Oh, wait a minute! You say you didn’t realize that KOMA had interior designers on staff? Yikes! Well, it does sometimes seem like we’re a bit of a well-kept secret. So, I’m here to tell you: we do great interiors work for our clients. I’m really proud of the work we do! People often ask about how architecture and interiors overlap, and I always tell them that there should be a “marriage” between the two disciplines – we need each other. While I may not be an expert on vapor barriers and load limits, I do need to be aware of the requirement and impact of such elements on any overall project. Decorators have been notorious for ignoring the existence of structure – trying to remove columns from building interiors. As a commercial interior designer, I need to fully understand the structural impact of, say, adding (literally) tons of sand to planters on the fourth floor of a structure, how a soffit is framed and how there must be accessible paths through every space – as well as how all material specifications affect life-safety. There’s definitely more to this than choosing colors and finishes, although I’ve always called that the “fun part.” Understanding comes first but communication is really the key! Concepts must be developed internally, and then communicated to the client so that they are excited and able to share the vision… construction methods must be fully worked out, clearly detailed and communicated to the contractors… and relationships of trust, based on experience, must be built (pun fully intended!). The whole thing is a collaboration of the team, comprised of the client, designers, architects, engineers and contractors, from start to finish.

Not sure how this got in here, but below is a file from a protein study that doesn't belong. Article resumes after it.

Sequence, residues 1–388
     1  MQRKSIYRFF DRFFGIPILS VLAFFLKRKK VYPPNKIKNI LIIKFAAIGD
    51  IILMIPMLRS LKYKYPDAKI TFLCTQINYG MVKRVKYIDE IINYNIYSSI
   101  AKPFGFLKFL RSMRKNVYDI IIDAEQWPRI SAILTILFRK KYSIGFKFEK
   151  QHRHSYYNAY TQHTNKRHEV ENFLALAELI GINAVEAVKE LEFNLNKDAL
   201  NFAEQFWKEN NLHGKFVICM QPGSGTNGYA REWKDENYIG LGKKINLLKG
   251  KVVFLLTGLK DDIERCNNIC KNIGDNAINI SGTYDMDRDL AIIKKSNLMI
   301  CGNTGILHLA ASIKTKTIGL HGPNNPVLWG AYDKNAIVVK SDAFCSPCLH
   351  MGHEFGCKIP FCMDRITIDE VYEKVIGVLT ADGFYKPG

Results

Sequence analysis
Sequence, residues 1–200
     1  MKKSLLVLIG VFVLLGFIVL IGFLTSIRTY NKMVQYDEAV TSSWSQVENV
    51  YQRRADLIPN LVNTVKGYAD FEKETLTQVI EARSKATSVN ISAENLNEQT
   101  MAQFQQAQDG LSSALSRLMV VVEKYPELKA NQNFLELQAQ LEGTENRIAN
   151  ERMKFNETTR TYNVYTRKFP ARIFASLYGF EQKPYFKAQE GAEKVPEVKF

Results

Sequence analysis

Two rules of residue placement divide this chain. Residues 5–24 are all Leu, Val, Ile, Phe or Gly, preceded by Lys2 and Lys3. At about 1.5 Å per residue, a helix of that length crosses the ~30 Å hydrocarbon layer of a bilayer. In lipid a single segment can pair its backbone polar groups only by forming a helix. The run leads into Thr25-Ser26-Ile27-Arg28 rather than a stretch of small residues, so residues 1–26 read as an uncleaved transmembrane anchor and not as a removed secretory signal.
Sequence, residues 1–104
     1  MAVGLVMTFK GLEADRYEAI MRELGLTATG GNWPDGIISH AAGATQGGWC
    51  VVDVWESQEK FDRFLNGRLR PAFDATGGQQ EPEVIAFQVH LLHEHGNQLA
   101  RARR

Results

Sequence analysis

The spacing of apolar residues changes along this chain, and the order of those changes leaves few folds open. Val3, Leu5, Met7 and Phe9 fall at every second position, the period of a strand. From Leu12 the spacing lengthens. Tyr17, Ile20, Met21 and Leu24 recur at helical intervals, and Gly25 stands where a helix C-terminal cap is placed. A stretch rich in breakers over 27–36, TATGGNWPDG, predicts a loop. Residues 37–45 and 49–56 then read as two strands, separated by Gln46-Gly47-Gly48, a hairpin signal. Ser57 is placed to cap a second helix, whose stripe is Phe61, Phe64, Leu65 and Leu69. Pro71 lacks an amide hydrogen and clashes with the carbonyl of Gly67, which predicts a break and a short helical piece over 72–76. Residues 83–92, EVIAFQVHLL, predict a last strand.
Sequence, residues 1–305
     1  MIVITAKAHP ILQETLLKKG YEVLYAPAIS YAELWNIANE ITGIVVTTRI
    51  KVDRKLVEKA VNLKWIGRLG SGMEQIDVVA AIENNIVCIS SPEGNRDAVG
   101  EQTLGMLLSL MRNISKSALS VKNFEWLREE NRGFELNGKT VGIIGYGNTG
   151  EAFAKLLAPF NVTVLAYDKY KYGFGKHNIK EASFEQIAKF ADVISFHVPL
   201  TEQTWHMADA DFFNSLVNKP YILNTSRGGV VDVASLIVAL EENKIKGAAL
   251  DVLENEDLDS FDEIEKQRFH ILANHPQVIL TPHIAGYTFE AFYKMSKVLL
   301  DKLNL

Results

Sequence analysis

Wow! That’s only two bullets! This is getting longer than I expected. (I do tend to be long-winded – at least when leaving voicemail messages!) But, the subject of collaboration actually leads beautifully to, my third (and what will hopefully be the last) bullet… process.
I’ve had a number of people ask me about “the design process.” Simply stated, the design springs from the needs of the client, the specific budget parameters and the client’s desired visual identity and brand. As kitschy as it may sound, I have always been, and remain, a firm subscriber to the old design adage – “Form follows function.” One of the things I love about my job is that I get to immerse myself in the client’s world and really get to know about what they do, who they are, and what is – and what isn’t – working for them. This is the essential component of my “programming” process. I have spent time watching how people work in their current space, and interviewed employees to find out how they interact with their surroundings and each other. I’ve even attended new franchisee training sessions for retail clients in an effort to completely understand those particular needs. This is crucial, for me: It would be impossible for me to design a functional, aesthetically pleasing and productivity-enhancing space for a client without fully understanding their business.
After programming, everything grows out of the space plan. While I’m in the process of space planning, I tend to think in three dimensions… I walk through a virtual video in my mind where the “sculpting” of the space comes alive for me. I’ve found it interesting over the years that on the construction site, I know immediately that something has gone wrong when the physical actuality does not match my “video.” I also find ultimate satisfaction at seeing the finished product and marveling that the reality matched the vision that I have carried mentally from the planning stage through construction.
With that being said, I think this is a good place to wrap up. (I could go on forever about some of these things.) Hope you enjoyed the read, surprisingly – I had fun writing! (Not particularly my forte!)
So, if you’d like to talk more about some of my above ramblings, or if you want to give me a grade for my first blog entry, please don’t hesitate to contact me at firstname.lastname@example.org. I’ll look forward to hearing from you!